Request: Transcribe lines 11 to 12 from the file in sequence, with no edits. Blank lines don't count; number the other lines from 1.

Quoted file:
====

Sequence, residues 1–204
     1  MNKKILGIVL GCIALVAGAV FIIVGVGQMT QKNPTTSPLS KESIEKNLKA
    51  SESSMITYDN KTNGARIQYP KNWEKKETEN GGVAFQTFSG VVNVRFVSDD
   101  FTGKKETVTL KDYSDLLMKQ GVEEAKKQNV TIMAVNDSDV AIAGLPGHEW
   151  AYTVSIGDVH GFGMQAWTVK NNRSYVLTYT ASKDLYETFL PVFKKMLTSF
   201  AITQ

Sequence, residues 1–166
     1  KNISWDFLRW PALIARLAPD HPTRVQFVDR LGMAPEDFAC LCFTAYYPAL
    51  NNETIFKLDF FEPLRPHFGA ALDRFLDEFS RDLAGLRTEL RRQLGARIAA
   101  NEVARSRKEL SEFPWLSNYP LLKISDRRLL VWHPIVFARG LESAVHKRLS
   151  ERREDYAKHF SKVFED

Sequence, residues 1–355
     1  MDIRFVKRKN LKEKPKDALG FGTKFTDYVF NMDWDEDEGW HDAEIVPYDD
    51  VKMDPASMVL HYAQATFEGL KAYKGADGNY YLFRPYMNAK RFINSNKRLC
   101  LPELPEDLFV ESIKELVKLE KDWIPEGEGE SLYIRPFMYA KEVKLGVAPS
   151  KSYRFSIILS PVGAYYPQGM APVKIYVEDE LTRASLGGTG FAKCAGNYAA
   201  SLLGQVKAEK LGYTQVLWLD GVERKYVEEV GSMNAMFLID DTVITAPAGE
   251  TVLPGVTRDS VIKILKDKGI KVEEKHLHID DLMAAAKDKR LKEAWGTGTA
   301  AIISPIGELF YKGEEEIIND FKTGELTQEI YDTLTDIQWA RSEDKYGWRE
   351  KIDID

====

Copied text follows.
   151  ERREDYAKHF SKVFED

Sequence, residues 1–355